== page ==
Populism is a revolt against liberal-globalist domination. It is a protest against, and rejection of, the status-quo and the establishment. Right-wing populism fights for the defence of traditional values (family, normal relationships between the sexes, nation, church, roots and identity), which are under extinction and are being annihilated. Left-wing populism struggles for the rights of workers and for social justice against capitalists. Liberal-globalist élites, Soros, globalists, bankers, the EU, all élites aim to keep right-wing and left-wing populism separate, to prevent an alliance between them. As long as these two kinds of populism are separated and do not form an alliance, they will not pose a threat to the system. Liberalism also promotes migration flows into Europe because the issue of migrants creates division between right-wing and left-wing populism.
The interests of the NATO and EU powers in the Baltic States are determined by the geographical situation and the possibilities to use the Baltic States as a disruptive factor against peaceful conditions of cooperation and understanding in the region and in neighbourly relations with Russia.
The powers of NATO and the EU are actively interfering in the shaping of internal relations of the Baltic States; their focus is on the creation of “fear of the Baltic towards the Russians”. This fear can be instrumentalised externally for the goals of the NATO and EU powers for the control of Baltic States against Russia. An enemy image of Russia is created. The effect on the cultivation of Russophobia is achieved through the systematic fomenting of internal political contrasts between different nationalities. The Western powers need this atmosphere of fear and instability to justify their anti-Russian policies.
Especially after the accession of the Baltic states to NATO and the EU, the West has shown that it is determined to further develop this geographical area on Russia’s western borders and to actively use it for its geopolitical goals. The nature of these measures, as well as the military-political steps, show that its policy towards Russia is increasingly degenerating towards military confrontation. For the Baltic Sea and its neighbours and for Europe, this means increasing militarisation and the danger of war.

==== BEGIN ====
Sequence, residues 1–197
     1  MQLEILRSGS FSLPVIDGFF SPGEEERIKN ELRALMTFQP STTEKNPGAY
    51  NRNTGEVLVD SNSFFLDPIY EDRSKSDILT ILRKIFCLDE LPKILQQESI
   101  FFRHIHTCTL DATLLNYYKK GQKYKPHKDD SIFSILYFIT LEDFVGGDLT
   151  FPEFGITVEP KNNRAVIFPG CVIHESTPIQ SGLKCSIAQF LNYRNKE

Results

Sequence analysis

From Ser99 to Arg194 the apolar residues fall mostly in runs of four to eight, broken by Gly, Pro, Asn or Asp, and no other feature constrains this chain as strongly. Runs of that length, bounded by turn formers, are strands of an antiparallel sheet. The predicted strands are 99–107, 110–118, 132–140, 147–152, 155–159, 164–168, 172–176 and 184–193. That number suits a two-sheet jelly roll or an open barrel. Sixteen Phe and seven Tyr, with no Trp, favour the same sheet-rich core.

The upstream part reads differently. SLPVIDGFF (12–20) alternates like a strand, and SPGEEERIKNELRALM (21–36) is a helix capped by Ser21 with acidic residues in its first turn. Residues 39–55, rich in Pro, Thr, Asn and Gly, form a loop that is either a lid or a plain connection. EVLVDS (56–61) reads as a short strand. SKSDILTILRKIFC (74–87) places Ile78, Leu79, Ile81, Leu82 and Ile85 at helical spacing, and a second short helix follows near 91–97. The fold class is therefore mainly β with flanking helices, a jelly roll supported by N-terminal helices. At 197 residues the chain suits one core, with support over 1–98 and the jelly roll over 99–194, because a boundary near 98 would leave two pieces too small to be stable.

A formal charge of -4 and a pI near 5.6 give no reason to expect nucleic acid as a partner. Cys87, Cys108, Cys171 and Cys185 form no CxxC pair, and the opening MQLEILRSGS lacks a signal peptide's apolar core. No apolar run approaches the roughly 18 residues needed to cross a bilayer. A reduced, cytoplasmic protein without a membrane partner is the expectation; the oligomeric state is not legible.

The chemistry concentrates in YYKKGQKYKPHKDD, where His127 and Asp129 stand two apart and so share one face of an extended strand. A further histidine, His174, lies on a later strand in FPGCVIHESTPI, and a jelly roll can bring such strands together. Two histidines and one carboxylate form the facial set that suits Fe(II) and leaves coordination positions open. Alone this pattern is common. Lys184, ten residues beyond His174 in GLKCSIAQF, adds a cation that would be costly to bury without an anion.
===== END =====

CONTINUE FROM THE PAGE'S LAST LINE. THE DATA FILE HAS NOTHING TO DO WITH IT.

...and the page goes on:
Recurring pro-Kremlin disinformation narrative about Russophobia in Lithuania and the Baltic States. Also consistent with a recurring pro-Kremlin disinformation narrative about NATO encircling Russia.
For more than two decades, NATO has worked to build a partnership with Russia, developing dialogue and practical cooperation in areas of common interest. Cooperation has been suspended since 2014 in response to Russia’s military intervention in Ukraine but political and military channels of communication remain open. Concerns about Russia’s continued destabilising pattern of military activities and aggressive rhetoric go well beyond Ukraine. Read more about NATO - Russia relations here.
See similar pro-Kremlin disinformation cases: "Russophobia is the main export of Lithuania", NATO is closing in on Russia's borders; The European foreign policy is determined by a group of Russophobes controlled from US.